Monday, February 28, 2011

Smoke-Free Texas to go through Legislature this week

During the first week of March 2011 the legislature will be discussing Texas House Bill 670 and Senate Bill 670, which would protect people from the dangers of secondhand smoke. A recent poll showed that 70% of Texas voters support the new law that would prohibit people from smoking in indoor work and public places. In a news article from the San Antonio Express, Doug Ulman, President of LIVESTRONG said, “It’s heartening to see that Texans agree on the right to breathe clean indoor air. Now is the time for the Texas Legislature to pass this landmark bill that will protect our citizens from the proven dangers of secondhand smoke exposure.” Over 30 cities in Texas already have smoke-free ordinances in place, now it’s time for the legislature to decide if that ordinance should be state wide.

Smoke-Free Texas Coalition is asking for people to submit their testimonials and share their story on how secondhand smoke has affected their lives or the lives of someone they love. To submit your testimonial visit Chella Graves, a musician from the Lake Travis area shared her story on how secondhand smoke has affected her life on the Smoke-Free Texas Facebook page. In her story she says she has bronchial asthma and consequently after playing at open-mic night, she feels congested and nauseated the next day. She says, “A smoke-free ordinance for Texas is necessary for people like me who are unable to enjoy many restaurants and bars because of the detrimental effects of secondhand smoke on our bodies.” Graves is just one of many who have submitted their testimonials to Smoke-Free Texas Coalition.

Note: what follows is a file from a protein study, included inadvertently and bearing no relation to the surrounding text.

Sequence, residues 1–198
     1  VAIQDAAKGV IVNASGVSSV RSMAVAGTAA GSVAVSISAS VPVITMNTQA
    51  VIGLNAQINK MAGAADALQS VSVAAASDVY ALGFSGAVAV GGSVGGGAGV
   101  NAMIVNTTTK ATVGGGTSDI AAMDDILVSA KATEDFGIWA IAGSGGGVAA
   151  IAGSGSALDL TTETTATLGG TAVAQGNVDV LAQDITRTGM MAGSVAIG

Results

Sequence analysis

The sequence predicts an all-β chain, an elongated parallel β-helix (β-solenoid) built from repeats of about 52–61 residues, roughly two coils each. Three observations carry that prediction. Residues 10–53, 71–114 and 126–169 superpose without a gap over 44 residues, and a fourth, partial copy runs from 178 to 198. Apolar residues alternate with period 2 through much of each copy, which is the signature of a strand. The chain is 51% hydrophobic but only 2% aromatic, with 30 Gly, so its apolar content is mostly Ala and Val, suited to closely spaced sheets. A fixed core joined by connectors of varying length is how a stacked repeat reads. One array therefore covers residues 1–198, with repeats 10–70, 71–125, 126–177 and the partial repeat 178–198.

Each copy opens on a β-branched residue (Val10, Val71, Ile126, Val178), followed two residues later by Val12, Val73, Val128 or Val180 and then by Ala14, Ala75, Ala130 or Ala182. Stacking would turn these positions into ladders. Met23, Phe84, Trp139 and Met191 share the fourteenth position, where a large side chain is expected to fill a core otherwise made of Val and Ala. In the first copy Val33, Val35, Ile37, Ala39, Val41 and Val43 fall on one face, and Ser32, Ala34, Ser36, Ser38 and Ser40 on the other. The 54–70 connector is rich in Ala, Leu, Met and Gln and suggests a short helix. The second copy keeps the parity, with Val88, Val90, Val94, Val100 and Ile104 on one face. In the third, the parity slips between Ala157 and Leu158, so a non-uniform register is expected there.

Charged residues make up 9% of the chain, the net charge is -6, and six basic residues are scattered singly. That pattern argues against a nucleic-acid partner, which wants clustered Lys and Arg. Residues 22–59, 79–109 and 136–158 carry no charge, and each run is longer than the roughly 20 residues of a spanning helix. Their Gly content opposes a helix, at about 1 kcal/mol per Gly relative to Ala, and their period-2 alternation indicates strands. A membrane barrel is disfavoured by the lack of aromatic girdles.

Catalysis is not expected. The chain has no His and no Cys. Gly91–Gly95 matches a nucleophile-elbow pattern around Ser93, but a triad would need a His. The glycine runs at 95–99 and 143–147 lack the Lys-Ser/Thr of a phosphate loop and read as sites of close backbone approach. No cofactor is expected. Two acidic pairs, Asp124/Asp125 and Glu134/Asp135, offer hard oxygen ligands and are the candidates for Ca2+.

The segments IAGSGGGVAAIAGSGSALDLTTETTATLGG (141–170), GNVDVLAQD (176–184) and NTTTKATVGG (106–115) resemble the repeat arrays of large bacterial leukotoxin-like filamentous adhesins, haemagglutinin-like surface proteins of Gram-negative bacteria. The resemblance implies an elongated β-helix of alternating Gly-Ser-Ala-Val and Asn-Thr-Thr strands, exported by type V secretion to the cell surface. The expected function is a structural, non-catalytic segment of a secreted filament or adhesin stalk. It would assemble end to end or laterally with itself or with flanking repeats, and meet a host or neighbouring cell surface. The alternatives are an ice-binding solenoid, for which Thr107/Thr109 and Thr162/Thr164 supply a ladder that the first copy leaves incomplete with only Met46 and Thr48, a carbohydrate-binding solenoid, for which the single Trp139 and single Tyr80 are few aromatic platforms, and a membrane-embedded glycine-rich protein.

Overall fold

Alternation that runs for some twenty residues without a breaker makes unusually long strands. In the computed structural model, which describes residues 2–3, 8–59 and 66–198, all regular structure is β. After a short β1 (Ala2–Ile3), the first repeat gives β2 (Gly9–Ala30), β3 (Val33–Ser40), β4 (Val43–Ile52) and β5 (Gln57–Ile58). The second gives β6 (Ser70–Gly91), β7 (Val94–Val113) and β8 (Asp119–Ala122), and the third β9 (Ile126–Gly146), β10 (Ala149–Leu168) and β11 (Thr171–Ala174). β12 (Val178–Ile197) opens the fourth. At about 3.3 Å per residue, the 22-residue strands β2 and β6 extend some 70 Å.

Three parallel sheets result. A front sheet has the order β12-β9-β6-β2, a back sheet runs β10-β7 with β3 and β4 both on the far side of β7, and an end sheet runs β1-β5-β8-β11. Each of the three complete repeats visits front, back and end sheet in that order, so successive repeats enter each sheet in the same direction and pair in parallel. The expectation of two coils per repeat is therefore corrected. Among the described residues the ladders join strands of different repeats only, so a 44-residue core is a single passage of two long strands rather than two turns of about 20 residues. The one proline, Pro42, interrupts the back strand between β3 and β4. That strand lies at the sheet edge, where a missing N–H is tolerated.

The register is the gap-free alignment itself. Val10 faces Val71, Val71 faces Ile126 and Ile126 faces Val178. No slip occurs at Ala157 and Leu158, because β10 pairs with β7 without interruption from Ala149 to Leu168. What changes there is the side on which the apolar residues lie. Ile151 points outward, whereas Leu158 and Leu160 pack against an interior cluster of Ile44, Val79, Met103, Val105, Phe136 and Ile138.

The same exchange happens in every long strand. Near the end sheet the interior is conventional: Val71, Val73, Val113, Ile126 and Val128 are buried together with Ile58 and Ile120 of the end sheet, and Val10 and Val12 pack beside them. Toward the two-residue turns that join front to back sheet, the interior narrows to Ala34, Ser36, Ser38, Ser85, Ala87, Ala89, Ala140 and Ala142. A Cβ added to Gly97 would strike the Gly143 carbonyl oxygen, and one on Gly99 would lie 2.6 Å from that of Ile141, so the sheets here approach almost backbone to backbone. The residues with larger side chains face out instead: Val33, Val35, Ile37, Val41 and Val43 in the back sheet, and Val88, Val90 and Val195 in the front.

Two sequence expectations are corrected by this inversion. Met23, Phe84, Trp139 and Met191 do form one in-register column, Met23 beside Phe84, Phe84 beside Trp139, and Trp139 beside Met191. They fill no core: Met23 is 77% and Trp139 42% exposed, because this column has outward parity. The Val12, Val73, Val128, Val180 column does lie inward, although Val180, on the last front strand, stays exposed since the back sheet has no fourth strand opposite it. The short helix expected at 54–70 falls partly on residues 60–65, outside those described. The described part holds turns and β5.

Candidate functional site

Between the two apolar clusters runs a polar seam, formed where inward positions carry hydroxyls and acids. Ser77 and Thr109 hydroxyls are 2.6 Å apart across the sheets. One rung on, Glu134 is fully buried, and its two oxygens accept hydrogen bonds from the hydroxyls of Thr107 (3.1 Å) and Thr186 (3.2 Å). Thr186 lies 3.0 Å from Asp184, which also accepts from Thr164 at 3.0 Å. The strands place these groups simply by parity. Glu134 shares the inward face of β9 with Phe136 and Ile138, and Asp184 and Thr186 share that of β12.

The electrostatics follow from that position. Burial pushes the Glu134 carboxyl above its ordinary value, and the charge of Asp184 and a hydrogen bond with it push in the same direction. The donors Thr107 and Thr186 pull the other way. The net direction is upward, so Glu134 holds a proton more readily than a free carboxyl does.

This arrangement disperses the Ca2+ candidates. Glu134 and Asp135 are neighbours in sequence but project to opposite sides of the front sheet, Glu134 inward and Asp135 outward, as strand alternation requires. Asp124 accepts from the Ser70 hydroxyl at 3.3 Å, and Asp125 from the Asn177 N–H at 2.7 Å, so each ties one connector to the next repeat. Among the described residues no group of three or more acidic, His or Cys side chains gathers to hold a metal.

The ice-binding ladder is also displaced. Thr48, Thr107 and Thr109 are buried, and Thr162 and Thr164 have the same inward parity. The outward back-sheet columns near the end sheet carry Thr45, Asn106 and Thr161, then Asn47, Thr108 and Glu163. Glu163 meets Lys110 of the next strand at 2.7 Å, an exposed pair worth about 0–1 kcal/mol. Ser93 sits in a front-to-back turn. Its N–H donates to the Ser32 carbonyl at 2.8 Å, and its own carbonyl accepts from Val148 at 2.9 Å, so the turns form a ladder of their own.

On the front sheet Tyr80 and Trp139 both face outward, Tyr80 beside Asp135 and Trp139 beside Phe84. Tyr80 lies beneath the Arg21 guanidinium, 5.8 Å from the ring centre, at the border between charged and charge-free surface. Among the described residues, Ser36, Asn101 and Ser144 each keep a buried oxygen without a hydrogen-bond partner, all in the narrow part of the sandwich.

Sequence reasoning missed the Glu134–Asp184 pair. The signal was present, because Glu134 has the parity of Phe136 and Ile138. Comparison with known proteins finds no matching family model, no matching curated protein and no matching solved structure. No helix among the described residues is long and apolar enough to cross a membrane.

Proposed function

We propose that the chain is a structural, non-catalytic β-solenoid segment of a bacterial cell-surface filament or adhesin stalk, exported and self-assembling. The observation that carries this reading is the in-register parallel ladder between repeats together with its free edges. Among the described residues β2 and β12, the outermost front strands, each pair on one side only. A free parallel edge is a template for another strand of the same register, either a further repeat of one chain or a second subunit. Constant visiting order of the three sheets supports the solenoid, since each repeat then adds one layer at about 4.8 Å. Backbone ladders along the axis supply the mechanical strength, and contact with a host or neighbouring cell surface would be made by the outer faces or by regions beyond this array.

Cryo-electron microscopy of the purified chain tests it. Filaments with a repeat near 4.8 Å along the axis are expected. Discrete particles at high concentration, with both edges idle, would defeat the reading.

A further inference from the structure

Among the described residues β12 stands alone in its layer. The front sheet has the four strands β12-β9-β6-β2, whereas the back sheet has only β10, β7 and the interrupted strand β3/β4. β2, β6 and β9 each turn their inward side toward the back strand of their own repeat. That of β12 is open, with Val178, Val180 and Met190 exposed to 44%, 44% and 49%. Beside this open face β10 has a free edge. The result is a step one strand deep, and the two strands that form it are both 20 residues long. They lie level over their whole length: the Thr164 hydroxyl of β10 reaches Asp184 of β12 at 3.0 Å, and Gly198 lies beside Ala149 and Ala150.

In a study conducted by the Texas Health Institute, The University of Texas School of Public Health Austin Regional Campus, and Texas A&M Health Science Center School of Rural Public Health, showed that a smoke-free workplace law would save Texas $404 million dollars biennially. An estimated $250 million of the over all $404 million would be from health care cost savings and $142 million result from the reduced cost from smokers who quit smoking. If the smoke-free law was to pass, this study indicated that it would save the Texas economy and government money.

To learn more about this study click here

-Jennifer Neel

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